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Hospital 125th: Ageing and the changing nature of care

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26/11/2018
Life expectancy is increasing by five hours a day, or almost three months a year.

 
This has been the case for the past 170 years.
 
The 85-years-and-over segment of the population is the fastest growing. It’s becoming a case of ‘live long and prosper’.
The continuing trend towards longer lives and recognition of the potential for older people to benefit from modern healthcare led to a whole new branch of medicine in the 1950s – geriatrics.
 
The branch is provided by multi-disciplinary teams with assessment, treatment and rehabilitation, and is no longer regarded by many as the ‘Cinderella’ of medical specialties. The potential to make big differences in the quality of life of elderly people is becoming evident and provides a more fulfilling environment for those dedicated to improving lives.
Palmerston North Hospital geriatrician, Dr John Bourke, says that ageing can be graceful and that in general, people are living not only longer, but better.
 
“It is a cliché, but 70 is definitely the new 60, and so on. We have better food and better medical treatment these days. Social class is also proven to be a big factor in health, extending through to ageing.
“In general, morbidity is being compressed, so instead of more years of ill-health with loss of independence at the end of life, people tend to have shorter illnesses – and to put it bluntly, a faster death.
 
“I am generally optimistic about people living longer and more easily. We have far better diagnostic tools and better treatments available than 125 years ago to make lives more comfortable.  Nursing care is better – no-one should die of bedsores associated with immobility these days. And we work in multi-disciplinary teams, which is far more effective for patients,” he said.
 
There has certainly been progress in the care of the elderly since the Awapuni Old Men’s Home was opened by the Palmerston North Hospital Board in 1914. Attitudes have also changed towards older people, even in the naming of units for their care - the Awapuni Home was soon renamed the Old People’s Home, and eventually Awapuni Hospital, before it was demolished as an earthquake risk in 1989. At that stage there were 120 to 150 inpatients there.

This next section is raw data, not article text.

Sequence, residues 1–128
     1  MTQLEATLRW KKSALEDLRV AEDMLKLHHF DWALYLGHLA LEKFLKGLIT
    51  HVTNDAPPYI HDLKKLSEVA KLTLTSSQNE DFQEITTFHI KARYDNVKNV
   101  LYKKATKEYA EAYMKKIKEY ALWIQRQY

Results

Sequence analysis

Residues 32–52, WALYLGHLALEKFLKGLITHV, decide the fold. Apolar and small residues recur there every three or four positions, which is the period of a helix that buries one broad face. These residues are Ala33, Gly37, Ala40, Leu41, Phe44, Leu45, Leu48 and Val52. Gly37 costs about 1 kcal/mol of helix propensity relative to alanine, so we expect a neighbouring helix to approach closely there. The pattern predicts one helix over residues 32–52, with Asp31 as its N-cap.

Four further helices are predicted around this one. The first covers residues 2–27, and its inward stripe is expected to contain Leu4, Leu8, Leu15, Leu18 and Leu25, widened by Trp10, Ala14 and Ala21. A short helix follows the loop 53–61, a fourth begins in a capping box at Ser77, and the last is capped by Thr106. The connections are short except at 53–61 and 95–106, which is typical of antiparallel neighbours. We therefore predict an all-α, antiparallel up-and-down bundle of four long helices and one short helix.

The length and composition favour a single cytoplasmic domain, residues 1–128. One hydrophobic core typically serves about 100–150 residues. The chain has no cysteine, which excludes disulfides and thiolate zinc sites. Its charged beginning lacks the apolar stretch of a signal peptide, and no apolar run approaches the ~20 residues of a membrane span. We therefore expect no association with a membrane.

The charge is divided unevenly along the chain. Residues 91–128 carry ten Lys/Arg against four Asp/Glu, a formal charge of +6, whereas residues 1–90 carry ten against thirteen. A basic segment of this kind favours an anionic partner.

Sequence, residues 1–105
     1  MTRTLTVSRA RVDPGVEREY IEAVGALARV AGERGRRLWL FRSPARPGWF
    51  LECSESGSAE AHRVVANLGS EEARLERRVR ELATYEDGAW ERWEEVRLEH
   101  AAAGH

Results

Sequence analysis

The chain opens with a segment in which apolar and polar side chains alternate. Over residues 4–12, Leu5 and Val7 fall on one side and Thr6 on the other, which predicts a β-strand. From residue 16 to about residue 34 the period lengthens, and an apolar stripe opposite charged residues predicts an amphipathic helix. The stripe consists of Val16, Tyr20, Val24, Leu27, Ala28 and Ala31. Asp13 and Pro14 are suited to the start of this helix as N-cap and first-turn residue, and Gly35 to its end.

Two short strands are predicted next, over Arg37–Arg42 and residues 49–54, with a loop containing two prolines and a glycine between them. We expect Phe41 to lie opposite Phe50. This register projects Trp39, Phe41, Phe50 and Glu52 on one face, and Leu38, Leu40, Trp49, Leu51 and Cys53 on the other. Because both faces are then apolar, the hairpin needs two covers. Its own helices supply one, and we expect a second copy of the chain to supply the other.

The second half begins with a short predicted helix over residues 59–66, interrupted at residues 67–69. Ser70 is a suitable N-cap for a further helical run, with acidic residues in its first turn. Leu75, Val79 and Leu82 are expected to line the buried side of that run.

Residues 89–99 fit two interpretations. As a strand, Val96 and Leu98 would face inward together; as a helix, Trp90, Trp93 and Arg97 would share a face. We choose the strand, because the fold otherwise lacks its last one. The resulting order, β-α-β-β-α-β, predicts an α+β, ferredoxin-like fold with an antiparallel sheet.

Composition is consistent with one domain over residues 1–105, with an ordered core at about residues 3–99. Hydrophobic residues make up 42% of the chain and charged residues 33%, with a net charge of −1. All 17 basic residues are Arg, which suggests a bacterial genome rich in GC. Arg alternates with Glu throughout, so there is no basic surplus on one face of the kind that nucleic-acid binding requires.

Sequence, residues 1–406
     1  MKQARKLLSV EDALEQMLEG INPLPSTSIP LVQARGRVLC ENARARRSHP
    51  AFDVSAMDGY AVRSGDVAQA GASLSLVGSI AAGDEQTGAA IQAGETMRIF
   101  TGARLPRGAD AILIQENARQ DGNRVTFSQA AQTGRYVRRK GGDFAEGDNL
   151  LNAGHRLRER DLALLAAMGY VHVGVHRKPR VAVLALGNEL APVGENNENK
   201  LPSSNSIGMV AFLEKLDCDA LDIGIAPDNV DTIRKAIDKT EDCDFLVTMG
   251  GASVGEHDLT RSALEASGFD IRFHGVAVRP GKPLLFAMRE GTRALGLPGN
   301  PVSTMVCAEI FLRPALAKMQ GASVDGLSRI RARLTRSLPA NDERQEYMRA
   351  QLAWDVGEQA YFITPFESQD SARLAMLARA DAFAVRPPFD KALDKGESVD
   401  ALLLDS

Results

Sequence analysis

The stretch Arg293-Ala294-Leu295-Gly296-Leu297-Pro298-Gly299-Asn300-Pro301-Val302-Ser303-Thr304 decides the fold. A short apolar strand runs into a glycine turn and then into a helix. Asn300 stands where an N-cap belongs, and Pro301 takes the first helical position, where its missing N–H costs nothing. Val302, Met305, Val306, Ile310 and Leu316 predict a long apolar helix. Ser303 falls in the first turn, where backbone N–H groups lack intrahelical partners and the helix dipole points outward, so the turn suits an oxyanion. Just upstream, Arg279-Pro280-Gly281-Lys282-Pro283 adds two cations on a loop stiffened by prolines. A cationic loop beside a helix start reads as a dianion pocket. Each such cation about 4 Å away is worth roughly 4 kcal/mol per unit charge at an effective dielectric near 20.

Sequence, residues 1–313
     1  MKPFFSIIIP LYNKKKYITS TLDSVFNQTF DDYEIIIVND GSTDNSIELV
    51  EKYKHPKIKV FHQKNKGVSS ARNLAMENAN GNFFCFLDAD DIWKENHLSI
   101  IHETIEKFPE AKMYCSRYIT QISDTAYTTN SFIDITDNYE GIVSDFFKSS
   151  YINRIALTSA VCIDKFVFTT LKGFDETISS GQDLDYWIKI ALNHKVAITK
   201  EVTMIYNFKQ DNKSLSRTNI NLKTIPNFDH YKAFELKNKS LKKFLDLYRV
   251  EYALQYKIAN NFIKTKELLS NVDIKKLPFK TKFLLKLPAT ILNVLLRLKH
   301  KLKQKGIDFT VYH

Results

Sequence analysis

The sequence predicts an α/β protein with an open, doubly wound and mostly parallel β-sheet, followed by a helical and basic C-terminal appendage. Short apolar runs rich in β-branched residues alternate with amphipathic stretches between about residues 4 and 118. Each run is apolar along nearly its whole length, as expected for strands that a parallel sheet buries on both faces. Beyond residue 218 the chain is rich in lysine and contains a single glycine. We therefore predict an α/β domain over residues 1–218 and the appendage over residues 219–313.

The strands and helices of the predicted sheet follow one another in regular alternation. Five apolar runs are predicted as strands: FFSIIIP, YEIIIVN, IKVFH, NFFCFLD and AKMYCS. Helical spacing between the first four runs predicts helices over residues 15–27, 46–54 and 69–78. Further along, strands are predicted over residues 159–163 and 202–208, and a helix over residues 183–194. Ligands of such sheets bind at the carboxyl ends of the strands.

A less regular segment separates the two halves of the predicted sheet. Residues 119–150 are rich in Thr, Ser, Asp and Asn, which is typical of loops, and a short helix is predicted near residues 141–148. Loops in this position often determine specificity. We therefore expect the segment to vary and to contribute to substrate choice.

As the district’s population continued to age, there was pressure to find a new facility to replace Awapuni as early as the 1970s, and in 1978 the Hospital Board purchased 120 acres of land at Summerhill, Aokautere, for a hospital for geriatric, psychiatric and young patients with disability*.
 
Dr Dick Presland, general physician, was appointed in 1977 to care for geriatric patients and Ward 2, in the old Military Block, which was established in 1978.
 
Geriatrician Dr Fred Hirst was appointed in 1982 before the new hospital site was developed.
He said: “The planned Aokautere Hospital at Summerhill would have been 'a modern asylum' where old people were put out of sight. It reminded me of England where geriatric facilities historically were in unwanted buildings and old workhouses, geographically isolated from the base hospitals and with poor access to the investigation and treatment resources of base hospitals as enjoyed by younger patients.  Until the mid-1950s elderly patients were usually kept in bed all day, not mobilised or dressed in day clothes and without recognition of their rehabilitation potential.
 
“A Service Development Group** was formed to review the hospital’s geriatric service provision and the Aokautere Hospital, in particular. This group agreed with my concerns and recommended to the Board that it abandon the hospital proposal and instead develop modern facilities within the Palmerston North Hospital site that focused on assessment and rehabilitation with prompt access to laboratory and imaging resources.